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designing hong kong
Designed to kill

At the recent cycling forum ‘Hong Kong on the Bicycle’ the Government was urged to review its policy directive that ‘cycling is for leisure, recreational and tourism purposes only’ and to recognize cycling as a mode of transport.

Cycling accidents in Hong Kong, 2000-2004.

For an increasing number of residents, especially in towns such as Tung Chung, Yuen Long, Sheung Shui, Taipo, Shatin, and Tseung Kwan O, as well as the new urban areas of Kowloon, cycling is part of the daily mix of transport. The failure to recognize this is resulting in fatal accidents and severe injuries.

Failure to deliver cycling routes in Tseung Kwan O

When plans were drawn up for Tseung Kwan O in 1982, a comprehensive cycling network was promised. More than 25 years later and with the population grown from a few thousand to over 300,000, cycling routes are still incomplete. Although the Outline Zoning Plan states that cycle tracks are always permitted, the Transport Department failed to complete the network of cycling routes (see visual below).

Incomplete cycling routes in Tseung Kwan O.

Tseung Kwan is a typical new urban area. It is flat and the retail, transport, residential and recreational nodes are far apart. An increasing number of residents recognize the bicycle as a useful mode of transport. Where the cycling tracks end, cyclists – and many are children – find themselves in dangerous situations as there are no provisions to guide cyclists and no indications for motorists that they are sharing the road with cyclists.

Illegal parking problems demonstrate the popularity of cycling.

Despite ongoing reports of accidents and illegal parking the Transport Department only first acknowledged that ‘cycling was also used by TKO residents as a mode of transport for short distance commuting’ during a Town Planning Board meeting in November 2008. It is unclear what will happen next. With the ongoing development of TKO the Transport Department suggests that it has no choice. It claims that vehicular traffic has increased to the point that the available road space is now limited making it difficult to add provisions for cycling (until the next kid dies).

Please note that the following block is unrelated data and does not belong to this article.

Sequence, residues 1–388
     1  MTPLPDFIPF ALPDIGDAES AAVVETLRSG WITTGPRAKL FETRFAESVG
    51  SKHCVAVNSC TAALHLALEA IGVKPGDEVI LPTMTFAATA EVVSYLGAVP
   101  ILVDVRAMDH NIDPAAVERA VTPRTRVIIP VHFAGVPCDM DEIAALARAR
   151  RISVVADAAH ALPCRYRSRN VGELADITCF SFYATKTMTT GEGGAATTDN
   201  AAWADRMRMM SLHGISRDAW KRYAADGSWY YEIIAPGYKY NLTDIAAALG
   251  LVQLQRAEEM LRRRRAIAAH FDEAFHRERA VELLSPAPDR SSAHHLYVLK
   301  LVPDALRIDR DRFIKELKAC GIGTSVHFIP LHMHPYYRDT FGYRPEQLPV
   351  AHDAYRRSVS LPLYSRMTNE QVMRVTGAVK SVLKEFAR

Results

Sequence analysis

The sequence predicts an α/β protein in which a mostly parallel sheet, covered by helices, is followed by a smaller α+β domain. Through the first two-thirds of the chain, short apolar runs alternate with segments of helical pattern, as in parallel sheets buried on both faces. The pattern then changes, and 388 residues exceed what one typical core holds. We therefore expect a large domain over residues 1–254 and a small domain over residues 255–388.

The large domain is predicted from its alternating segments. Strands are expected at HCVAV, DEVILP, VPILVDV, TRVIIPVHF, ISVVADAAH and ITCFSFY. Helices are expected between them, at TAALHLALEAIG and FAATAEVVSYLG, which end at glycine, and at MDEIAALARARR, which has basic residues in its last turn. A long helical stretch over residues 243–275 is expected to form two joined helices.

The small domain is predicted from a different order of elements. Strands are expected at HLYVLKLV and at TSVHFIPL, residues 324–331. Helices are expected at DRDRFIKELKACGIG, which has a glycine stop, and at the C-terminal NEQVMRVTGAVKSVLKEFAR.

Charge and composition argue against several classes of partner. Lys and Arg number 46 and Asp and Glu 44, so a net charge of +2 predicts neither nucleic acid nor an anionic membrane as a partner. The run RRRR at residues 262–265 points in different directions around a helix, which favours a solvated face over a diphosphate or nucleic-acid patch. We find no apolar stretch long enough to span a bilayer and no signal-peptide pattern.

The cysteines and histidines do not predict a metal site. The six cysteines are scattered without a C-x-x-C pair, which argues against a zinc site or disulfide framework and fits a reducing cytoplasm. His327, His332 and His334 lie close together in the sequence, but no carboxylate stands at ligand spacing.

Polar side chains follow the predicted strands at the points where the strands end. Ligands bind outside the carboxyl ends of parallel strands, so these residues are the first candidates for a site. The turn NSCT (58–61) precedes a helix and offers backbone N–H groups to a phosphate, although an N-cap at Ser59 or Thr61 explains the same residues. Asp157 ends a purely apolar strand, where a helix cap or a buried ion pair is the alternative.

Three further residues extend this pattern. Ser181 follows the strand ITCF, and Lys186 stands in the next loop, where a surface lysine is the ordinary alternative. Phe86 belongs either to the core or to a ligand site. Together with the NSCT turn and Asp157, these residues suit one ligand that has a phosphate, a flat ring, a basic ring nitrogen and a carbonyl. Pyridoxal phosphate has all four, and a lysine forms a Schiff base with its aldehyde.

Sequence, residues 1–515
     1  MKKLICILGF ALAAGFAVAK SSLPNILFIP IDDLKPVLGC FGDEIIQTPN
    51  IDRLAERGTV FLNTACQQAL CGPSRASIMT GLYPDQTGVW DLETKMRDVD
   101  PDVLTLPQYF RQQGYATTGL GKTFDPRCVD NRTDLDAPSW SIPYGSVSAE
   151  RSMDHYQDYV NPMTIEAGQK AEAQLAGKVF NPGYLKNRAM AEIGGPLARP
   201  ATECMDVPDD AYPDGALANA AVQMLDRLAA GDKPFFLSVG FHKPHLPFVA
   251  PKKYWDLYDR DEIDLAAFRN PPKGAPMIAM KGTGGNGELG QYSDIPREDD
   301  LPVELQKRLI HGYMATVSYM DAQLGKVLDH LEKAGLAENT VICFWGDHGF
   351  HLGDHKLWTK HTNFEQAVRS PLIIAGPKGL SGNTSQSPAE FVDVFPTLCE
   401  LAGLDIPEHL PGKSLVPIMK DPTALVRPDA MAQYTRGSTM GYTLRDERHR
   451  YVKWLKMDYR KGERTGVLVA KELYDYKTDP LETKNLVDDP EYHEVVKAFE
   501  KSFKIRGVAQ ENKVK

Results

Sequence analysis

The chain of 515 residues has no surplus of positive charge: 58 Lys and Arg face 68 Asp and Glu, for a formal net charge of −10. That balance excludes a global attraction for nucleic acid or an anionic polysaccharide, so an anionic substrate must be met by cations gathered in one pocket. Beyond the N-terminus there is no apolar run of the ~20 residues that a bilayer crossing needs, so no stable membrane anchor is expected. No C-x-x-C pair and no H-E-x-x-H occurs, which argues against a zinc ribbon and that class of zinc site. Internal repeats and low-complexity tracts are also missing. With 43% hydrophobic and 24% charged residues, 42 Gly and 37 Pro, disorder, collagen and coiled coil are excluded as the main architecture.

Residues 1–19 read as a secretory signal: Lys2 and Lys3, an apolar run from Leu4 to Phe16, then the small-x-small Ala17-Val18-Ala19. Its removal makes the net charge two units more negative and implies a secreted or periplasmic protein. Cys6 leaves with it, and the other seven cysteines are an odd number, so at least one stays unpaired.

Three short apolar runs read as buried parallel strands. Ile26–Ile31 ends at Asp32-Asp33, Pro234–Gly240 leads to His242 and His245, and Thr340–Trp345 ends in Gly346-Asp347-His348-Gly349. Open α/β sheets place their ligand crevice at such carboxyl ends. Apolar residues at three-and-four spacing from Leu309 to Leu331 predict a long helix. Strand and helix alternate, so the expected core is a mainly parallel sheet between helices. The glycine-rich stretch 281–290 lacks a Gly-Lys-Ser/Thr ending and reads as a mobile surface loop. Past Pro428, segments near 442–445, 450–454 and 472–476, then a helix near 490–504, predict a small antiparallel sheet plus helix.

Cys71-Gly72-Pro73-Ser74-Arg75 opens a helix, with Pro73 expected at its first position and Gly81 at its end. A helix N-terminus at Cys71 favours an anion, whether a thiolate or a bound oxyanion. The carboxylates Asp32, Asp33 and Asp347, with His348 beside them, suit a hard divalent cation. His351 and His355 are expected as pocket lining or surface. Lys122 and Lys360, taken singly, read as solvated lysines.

Kai Tak – Designed to kill

Cycling will be equally popular in Kai Tak. The flat terrain makes cycling easy and not only are the residential, retail and transport nodes far apart, there are many attractive destinations: The cruise terminal, the metro park, the runway park, the sports facilities, and a 6.6km cycle track along the waterfront.

In Kai Tak the average distance between a home and the cycle track is 1.5km. The Transport Department has the unrealistic expectation that kids will push their bike.

There is, however, no provision for cycling within the reserve for public roads and pavements. Government boldly claims ‘competing demands for road space from different transport modes’ despite the fact that nothing has been built in Kai Tak!

When asked how the 100,000 future residents of Kai Tak will go to the cycle track, which is on average 1.5km away from their home, the Transport Department responded with an unrealistic expectation that ‘Kai Tak residents may consider to bring/push their bicycles to the cycle track through the open space or pedestrian footways.’

Recognize cycling as a mode of transport

Concluding the first conference on cycling in Hong Kong, the ‘Hong Kong on the Bicycle Forum’ held 23 May 2009 at the Fringe Club, participants agreed that:

Facilitating cycling will improve the quality of the environment, reduce air pollution and Hong Kong’s carbon footprint, improve the health and safety of all citizens, improve transport efficiency and alleviate traffic congestion, reduce the demand on our limited land resources, and improve Hong Kong’s opportunities in all cycling sports.